An alliance of five German firms to develop medical imaging technology with government backing
Ned Stafford/Hamburg, Germany
Five German companies and the Federal Ministry of Education and Research (BMBF) are to spend almost a billion euros in an effort to strengthen the nation’s international competitiveness in molecular imaging, which will require a large dose of nanotechnology research.
Executives from Siemens, Bayer-Schering Pharma, Boehringer Ingelheim Pharma, optical firm Carl Zeiss, and medical instruments company Karl Storz, joined Annette Schavan, Germany’s research minister, on 9 October in Berlin to announce the programme. The firms have pledged to spend 750 million euros of new money over the next 10 years on molecular imaging research, with the ministry chipping in an additional 150 million euros during the next six years.
The goals of the alliance are to develop the knowledge foundation for improving molecular imaging techniques and instruments. This, they say, would enable earlier detection of illnesses such as cancer, Alzheimer’s and cardiovascular diseases and help in development of new treatments.
More specifically, Horst Siebold, head of the standardization and technology department of Siemens Medical Solutions, told Chemistry World that the five firms had formed a ’multidisciplinary alliance’ to develop imaging hardware and software, as well as stand-alone software systems to combine images and other clinical information systems for CDS (Clinical Decision Support) and molecular imaging as a tool for accelerating drug development.
Asked why a global giant like Siemens would join such an alliance, Siebold said Siemens sees molecular medicine as key to improving healthcare in coming years. ’The initiative will smooth the way for innovative products and services in healthcare by intensifying the exchange between basic academic research and industrial research and development activities in the area of molecular diagnostics,’ he added.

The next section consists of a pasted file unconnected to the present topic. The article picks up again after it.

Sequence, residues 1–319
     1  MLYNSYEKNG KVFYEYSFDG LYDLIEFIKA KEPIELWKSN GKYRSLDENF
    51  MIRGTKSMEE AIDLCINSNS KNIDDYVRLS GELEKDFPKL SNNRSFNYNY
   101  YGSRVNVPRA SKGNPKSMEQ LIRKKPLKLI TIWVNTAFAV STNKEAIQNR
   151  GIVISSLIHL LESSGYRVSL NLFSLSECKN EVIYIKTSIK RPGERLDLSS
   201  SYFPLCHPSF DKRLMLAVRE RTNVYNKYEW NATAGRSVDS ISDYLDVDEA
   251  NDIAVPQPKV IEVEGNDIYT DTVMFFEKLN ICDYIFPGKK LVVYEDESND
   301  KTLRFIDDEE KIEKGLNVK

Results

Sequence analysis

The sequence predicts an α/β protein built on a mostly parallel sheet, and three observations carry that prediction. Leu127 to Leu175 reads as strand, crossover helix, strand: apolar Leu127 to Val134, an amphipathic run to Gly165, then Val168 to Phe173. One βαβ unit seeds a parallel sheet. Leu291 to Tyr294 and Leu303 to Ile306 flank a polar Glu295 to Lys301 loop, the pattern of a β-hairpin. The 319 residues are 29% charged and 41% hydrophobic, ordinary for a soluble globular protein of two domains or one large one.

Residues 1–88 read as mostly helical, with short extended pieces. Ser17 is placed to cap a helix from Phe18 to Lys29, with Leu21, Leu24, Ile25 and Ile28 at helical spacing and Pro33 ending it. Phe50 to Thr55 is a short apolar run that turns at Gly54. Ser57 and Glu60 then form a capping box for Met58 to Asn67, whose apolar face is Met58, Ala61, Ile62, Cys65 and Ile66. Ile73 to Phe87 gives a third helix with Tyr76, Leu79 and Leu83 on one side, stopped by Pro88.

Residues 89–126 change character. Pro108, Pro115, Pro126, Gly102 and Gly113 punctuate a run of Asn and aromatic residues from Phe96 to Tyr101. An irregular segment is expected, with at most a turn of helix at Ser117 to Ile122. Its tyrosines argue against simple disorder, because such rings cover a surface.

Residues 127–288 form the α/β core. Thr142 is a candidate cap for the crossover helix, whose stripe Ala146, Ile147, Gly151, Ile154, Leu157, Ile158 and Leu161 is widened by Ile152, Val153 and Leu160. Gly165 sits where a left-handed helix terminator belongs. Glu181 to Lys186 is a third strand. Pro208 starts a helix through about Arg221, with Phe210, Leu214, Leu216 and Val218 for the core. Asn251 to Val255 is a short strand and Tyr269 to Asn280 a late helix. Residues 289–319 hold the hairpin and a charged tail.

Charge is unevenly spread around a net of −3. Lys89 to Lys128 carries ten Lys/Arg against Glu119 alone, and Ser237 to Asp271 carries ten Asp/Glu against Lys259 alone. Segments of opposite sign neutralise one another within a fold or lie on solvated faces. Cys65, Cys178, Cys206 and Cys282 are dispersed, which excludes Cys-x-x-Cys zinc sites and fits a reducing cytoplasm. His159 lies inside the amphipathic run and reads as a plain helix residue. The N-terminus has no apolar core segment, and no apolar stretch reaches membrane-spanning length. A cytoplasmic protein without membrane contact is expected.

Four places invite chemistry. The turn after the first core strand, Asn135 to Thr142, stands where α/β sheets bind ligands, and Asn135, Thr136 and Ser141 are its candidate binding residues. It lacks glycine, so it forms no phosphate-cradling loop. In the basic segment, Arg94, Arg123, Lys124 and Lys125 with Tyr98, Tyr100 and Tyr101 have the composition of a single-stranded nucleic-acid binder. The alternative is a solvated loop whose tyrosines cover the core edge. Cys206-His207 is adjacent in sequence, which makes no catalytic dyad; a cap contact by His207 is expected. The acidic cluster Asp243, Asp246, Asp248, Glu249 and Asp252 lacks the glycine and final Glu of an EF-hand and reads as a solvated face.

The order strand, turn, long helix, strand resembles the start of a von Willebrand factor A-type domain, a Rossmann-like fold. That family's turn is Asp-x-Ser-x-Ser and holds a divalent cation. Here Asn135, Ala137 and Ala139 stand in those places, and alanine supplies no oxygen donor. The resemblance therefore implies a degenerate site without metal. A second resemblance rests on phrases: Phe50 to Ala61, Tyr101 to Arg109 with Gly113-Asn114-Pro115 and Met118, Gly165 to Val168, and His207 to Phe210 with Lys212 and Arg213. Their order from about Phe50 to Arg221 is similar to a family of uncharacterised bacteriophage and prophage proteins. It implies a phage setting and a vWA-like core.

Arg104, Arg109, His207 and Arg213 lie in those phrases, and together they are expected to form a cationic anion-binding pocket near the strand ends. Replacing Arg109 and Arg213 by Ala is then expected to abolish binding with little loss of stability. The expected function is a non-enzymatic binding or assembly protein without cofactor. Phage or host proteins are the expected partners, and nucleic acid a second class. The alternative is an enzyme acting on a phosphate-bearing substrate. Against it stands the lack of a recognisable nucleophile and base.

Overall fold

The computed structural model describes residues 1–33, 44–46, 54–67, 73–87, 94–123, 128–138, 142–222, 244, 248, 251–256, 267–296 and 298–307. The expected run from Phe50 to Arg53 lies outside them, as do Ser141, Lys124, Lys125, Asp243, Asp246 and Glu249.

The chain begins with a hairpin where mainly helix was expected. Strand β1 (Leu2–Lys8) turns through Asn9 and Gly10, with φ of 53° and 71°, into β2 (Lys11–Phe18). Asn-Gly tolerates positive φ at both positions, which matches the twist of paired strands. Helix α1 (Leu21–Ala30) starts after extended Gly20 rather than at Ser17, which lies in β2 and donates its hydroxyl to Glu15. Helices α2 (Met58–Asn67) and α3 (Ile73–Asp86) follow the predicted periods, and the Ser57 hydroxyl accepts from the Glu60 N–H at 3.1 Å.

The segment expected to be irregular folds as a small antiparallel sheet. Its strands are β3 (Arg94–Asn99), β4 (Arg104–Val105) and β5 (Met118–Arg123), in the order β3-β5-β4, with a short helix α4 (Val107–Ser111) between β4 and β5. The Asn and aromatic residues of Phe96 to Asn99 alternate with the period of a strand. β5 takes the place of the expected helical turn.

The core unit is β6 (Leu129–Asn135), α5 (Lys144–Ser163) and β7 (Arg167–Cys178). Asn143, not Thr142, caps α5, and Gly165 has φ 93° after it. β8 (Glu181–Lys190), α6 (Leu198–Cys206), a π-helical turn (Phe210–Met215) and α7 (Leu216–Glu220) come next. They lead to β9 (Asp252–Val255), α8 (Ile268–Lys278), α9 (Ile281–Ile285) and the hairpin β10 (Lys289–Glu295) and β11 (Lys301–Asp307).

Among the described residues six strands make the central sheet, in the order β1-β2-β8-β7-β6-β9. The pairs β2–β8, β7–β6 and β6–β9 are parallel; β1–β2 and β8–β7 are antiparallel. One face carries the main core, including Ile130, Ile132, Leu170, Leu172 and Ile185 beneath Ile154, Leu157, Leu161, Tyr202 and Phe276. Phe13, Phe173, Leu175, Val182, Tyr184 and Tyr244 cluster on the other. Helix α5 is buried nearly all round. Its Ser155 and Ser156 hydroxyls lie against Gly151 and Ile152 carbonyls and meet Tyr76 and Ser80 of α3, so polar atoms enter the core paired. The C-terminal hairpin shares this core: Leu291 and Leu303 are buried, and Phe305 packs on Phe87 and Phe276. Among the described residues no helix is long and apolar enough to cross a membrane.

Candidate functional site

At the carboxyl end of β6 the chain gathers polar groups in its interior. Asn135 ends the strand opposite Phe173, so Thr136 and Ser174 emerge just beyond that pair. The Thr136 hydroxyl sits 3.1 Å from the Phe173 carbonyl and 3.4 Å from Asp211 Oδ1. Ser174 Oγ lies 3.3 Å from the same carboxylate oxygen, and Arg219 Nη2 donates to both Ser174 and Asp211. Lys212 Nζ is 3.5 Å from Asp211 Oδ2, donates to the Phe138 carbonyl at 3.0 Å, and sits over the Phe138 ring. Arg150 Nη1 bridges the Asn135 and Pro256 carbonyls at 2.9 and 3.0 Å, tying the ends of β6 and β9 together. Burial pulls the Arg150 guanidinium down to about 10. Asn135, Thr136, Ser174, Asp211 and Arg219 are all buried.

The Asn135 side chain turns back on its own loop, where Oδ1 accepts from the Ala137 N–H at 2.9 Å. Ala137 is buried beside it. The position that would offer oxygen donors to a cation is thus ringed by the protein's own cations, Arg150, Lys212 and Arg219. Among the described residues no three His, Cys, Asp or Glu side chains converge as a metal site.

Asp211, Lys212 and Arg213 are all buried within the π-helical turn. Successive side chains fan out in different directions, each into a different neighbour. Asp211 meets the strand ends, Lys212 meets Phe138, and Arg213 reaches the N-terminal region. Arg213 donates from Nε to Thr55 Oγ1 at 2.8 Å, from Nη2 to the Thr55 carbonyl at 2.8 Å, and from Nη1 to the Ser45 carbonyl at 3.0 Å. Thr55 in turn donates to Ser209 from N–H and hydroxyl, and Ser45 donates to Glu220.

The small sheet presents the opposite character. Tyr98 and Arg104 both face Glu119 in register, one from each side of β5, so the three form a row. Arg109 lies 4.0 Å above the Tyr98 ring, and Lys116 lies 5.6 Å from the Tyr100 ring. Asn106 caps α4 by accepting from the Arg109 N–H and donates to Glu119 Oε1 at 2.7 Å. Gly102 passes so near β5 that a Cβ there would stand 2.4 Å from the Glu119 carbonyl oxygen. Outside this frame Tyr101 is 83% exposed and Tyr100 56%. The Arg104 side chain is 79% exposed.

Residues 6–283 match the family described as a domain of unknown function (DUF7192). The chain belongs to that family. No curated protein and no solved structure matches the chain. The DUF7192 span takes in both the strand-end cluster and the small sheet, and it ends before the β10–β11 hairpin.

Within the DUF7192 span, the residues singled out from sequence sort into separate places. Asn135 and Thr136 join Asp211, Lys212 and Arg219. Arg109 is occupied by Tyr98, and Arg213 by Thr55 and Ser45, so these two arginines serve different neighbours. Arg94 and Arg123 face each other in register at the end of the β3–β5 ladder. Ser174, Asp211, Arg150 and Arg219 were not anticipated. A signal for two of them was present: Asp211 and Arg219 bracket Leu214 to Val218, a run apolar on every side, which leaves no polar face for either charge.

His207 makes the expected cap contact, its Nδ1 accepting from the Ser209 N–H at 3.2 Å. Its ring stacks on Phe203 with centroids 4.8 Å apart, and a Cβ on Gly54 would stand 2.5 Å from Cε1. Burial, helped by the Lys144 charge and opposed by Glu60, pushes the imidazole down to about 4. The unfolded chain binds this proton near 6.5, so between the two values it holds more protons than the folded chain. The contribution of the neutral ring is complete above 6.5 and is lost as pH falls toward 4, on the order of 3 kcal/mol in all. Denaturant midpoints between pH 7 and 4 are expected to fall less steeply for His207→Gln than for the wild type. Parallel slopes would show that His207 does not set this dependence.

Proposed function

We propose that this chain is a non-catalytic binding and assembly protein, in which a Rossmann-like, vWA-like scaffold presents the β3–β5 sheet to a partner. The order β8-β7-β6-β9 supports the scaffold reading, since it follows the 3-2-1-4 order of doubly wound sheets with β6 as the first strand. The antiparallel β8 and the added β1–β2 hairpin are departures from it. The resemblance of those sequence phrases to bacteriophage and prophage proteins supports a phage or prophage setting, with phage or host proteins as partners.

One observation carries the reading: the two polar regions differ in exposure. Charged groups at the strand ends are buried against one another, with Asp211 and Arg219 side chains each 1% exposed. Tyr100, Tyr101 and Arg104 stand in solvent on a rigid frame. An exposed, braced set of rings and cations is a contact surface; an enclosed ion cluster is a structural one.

However, Siebold noted that participation in the alliance does not mean the five companies would stick together all the way through to commercialisation.
’The collaboration is planned for pre-competitive developments, cooperation and alignment in developing prototypes etc.,’ he said. ’However, if [co-developing certain products] makes sense, they will be decided on bilaterally on a case-by-case decision.’
Siemens’ current competitors in molecular diagnostics include GE and Philips in hardware and specialized small companies in the field of software, says Siebold.
Viola Klamroth, a spokeswoman for the BMBF, told Chemistry World that the five firms initiated the project last summer in a joint letter to Schavan. As Germany already is strong in the field of medical technology, third only to the US and Japan, Schavan was eager to support the proposal. ’900 million euros will be a huge impetus to the field,’ Klamroth said.
The 150 million euros from the ministry will be used to fund only research projects that include collaboration between at least one firm and one academic institution, she said. The ministry hopes the program will encourage smaller medical technology companies to focus on the field and apply for funding, she added.
The initiative will be overseen by the ministry’s head of nanomaterial/new materials projects, because of the importance of developing new nano-based contrasting agents for improved molecular imaging, she said. However, within the ministry the alliance also falls under its optical (microscopes) and information technology (software) programmes.
Molecular imaging hardware models most likely to be explored for improvement would include magnetic resonance, combination positron emission tomography and computed tomography (PET/CT), and optical systems, she said.
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